Worried about someone else's betting?
When your mum or dad or someone you care about is betting too much, it can be really stressful and hard to know what to do or where to turn.
If their betting causes arguments, you may worry about your safety, or the safety of people close to you.
It can hurt if they seem to care more about betting than about you.
It's also hard not to think about money and if there will be enough to live on.
If a friend is gambling you may feel like you're losing them, and want to help but don't know how.
We can help you with free information and advice for coping.
What to look out for
There are signs to look for if you think someone has a gambling problem. They may:
- seem down or moody
- spend less time doing family things and stop going out
- stop doing things they usually do or disappear from home for long periods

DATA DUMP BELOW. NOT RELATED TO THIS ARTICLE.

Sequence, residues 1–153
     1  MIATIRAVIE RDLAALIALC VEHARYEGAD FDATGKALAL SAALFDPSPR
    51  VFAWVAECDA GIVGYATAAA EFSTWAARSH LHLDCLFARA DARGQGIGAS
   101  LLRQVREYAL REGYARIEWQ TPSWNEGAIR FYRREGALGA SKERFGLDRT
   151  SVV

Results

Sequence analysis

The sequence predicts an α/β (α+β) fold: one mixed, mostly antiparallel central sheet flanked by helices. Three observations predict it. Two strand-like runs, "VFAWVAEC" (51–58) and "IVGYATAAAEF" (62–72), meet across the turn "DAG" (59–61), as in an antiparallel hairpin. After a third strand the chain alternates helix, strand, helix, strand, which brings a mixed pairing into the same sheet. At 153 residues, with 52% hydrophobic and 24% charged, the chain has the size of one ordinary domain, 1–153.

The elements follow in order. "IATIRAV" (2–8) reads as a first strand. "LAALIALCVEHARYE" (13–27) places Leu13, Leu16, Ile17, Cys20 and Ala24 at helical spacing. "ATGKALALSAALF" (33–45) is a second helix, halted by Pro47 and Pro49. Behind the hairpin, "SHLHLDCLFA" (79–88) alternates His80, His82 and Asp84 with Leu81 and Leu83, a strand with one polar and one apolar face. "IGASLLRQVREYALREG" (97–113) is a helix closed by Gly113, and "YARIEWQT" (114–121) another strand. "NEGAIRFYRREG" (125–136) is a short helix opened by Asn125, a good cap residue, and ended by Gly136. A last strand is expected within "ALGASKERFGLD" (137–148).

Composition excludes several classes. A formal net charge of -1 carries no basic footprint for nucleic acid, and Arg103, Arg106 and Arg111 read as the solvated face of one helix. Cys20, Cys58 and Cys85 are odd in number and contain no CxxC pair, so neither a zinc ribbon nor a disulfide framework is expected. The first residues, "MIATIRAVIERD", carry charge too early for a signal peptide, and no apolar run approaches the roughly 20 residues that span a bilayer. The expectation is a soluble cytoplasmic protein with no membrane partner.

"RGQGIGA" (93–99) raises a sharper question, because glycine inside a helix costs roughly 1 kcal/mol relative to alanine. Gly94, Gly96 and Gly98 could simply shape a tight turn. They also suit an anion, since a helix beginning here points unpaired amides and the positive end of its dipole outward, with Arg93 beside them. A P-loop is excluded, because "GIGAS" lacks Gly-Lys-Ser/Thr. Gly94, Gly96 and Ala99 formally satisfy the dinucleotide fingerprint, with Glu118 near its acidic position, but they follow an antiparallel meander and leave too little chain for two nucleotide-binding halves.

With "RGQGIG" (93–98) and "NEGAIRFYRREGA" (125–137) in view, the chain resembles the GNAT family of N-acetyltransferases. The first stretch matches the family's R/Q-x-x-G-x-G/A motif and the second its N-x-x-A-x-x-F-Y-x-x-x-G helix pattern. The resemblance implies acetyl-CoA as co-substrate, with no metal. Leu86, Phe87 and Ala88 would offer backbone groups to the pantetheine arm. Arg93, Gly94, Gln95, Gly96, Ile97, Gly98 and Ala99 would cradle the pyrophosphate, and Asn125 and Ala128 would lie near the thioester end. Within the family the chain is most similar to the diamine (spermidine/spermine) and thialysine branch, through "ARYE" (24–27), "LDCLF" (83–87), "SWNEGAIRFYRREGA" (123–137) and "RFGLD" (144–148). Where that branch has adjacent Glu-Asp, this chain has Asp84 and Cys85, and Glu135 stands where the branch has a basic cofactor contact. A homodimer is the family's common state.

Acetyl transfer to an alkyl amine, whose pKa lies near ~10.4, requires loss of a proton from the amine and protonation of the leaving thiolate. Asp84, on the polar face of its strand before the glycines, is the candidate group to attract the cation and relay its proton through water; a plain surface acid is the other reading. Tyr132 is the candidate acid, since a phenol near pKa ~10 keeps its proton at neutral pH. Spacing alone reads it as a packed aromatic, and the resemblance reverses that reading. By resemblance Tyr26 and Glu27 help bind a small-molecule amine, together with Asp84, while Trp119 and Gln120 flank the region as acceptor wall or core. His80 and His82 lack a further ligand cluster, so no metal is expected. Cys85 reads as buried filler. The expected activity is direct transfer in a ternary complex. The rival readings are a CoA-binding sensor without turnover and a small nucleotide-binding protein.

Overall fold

- spend lots of time talking about betting
- obsess over the odds when watching sport
- argue for no reason
- miss work or school
- borrow or take money from family and friends
- owe money
- get behind with bills and forget to buy food.
What you can do
The good news is lots of people take the first steps towards getting help when they understand how much their betting is hurting people close to them.
But talking to someone about their betting can be very difficult. Especially if you're not sure how they will react.
If you're worried that someone close to you has a betting problem, think about first talking to:
- Gambler's Help Youthline on 1800 262 376
- a friend or family member
- a teacher or student welfare coordinator
- your doctor.
Ask them to help you work out the best way to approach the situation.
We can help. Contact us today
Gambler's Help Youthline
Call 1800 262 376 for advice and support, 24 hours a day, seven days a week. It's anonymous, confidential and free.
Or chat online with a counsellor at Gambling
Help Online. This service is also available 24/7.
Find out how to contact
us if you are deaf or have a hearing or speech impairment.